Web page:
Monday, 10 May 2010

Lost life: England’s lost and threatened species

This recent report by Natural England is the first assessment of decline and loss among England’s native species.

The introduction says:
'In International Year of Biodiversity, the year by which EU governments have committed to halt biodiversity loss in Europe, it is particularly relevant to ask: Which species has England lost?

'Our aims in producing this report are to raise awareness of biodiversity loss, to describe the serious consequences for biodiversity if current trends continue, and to encourage greater action by highlighting some early successes in halting and reversing decline.'

Fascinating facts from the report include:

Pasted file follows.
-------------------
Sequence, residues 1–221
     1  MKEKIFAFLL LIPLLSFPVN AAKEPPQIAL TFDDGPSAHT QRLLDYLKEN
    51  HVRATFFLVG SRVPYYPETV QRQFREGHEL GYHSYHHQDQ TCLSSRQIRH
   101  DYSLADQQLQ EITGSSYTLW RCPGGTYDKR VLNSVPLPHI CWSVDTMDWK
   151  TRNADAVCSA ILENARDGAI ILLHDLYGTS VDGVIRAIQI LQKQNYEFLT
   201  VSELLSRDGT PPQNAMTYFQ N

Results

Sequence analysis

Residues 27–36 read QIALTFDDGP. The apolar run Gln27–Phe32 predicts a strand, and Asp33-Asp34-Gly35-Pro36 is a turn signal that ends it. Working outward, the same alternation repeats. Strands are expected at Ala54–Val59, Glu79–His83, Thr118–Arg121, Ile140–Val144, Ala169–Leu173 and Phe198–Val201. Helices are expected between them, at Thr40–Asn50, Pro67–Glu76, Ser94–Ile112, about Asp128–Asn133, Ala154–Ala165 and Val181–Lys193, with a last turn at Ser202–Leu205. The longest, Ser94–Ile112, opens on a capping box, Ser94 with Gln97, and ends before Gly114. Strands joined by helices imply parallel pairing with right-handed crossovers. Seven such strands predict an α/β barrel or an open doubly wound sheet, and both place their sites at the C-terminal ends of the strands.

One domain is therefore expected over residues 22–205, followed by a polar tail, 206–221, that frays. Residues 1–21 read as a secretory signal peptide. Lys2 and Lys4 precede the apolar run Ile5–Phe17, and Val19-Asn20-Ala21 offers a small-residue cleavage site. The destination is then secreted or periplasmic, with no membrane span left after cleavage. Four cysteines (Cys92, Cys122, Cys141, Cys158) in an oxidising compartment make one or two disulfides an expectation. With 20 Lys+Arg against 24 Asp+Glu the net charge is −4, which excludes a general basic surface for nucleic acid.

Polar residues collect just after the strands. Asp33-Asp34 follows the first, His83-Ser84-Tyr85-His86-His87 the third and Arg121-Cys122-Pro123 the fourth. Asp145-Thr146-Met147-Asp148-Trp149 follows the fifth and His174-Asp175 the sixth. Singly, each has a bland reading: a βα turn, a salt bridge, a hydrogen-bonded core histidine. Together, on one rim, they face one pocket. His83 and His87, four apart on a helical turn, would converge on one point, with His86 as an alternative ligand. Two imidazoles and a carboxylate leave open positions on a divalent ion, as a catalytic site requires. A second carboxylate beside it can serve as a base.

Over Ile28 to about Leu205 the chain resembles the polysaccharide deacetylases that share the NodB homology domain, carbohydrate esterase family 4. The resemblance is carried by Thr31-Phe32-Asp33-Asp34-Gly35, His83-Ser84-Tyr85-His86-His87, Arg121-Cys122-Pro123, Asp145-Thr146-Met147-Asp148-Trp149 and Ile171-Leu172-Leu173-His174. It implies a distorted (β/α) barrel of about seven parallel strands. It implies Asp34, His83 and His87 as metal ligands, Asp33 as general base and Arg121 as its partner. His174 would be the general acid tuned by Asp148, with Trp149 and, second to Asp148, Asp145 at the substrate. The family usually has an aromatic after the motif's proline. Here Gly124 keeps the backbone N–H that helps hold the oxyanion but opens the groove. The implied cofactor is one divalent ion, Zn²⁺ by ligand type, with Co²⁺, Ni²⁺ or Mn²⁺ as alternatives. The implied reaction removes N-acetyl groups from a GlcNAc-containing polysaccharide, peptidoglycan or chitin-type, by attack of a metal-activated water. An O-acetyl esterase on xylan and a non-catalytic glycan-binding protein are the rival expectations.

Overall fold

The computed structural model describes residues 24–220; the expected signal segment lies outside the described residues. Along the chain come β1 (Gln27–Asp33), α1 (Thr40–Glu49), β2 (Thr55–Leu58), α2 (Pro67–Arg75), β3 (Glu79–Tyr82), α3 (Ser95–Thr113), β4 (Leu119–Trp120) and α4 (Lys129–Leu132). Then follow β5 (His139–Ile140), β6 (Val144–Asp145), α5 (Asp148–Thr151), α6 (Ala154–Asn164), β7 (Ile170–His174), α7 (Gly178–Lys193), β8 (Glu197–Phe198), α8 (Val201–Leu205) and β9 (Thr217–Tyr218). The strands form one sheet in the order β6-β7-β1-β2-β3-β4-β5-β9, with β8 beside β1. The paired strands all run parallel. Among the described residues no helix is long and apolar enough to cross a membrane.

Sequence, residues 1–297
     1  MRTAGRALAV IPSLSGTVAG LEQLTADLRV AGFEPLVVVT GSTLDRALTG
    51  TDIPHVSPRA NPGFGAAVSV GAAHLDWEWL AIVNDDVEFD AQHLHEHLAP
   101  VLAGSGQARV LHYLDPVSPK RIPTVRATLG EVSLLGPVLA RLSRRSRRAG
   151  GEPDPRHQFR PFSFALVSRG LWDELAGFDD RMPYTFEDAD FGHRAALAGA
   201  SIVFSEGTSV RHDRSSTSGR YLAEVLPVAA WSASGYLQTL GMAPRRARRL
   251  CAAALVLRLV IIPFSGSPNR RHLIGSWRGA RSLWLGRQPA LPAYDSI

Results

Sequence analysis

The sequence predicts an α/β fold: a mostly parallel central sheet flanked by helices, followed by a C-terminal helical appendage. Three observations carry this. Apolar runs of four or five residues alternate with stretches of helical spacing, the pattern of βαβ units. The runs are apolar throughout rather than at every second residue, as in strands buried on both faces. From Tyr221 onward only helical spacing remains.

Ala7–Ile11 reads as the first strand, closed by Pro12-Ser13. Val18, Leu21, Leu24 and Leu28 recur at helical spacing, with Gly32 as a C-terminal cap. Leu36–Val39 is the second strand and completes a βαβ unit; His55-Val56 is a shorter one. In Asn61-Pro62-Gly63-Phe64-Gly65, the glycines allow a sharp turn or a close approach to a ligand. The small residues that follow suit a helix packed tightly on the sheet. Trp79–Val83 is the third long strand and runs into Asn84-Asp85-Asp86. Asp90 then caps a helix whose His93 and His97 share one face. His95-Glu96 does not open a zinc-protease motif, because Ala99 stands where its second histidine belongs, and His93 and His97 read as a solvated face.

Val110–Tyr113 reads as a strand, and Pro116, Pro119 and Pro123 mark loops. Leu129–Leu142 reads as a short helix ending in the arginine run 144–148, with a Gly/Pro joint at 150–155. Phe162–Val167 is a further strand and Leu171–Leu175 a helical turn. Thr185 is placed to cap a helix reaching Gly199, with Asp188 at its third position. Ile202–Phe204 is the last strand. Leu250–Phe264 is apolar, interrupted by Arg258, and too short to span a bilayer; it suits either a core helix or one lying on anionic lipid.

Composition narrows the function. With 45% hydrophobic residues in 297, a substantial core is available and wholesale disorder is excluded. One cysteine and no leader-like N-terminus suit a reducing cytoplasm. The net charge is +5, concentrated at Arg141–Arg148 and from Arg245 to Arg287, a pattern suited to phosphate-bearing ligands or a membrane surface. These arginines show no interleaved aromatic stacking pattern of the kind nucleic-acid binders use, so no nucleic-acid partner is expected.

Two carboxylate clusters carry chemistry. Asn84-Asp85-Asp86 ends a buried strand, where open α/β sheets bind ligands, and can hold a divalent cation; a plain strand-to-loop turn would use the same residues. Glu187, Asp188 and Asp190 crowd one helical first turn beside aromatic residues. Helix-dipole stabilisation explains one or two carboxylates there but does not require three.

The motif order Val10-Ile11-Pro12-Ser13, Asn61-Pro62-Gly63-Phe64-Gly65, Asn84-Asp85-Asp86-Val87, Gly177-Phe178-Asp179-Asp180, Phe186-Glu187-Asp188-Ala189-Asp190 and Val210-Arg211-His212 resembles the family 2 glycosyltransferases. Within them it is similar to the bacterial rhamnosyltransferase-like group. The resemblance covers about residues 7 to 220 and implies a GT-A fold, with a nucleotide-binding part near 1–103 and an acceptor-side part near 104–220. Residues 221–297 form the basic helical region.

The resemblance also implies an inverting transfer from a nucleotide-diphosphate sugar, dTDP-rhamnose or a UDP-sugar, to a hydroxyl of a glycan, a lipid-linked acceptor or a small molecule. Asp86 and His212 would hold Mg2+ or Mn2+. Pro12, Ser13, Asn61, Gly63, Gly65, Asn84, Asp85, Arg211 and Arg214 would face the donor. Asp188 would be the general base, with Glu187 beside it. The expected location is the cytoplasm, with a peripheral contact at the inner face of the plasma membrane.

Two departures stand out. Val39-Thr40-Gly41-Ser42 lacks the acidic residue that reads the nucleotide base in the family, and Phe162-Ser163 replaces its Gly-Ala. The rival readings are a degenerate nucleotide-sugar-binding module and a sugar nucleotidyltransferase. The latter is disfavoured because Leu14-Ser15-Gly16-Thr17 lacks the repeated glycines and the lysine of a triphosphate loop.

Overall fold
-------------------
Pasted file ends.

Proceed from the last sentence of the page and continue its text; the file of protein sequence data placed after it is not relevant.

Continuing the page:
• England has approximately 55,500 species of animals, plants and fungi.
  • These include five groups of species considered to be of outstanding significance in an international context: Atlantic ferns, mosses and lichens; breeding seabirds; wintering and passage waterbirds and gulls; grassland and woodland fungi; and heathland invertebrates.
  • We also have at least 40 species endemic to England (ie they occur nowhere else on Earth)
  • There are 54 species recognised as threatened at an international level.
  • A total of 943 English species were identified in 2008 as priorities for conservation action under the England Biodiversity Strategy and UK Biodiversity Action Plan (BAP). Further species have declined in recent historic times to precariously low (‘depleted’) levels.
Help increase our knowledge of the New Forest wildlife by joining in the Bioblitz on 21/22 May.

You can download the Natural England report free of charge here.

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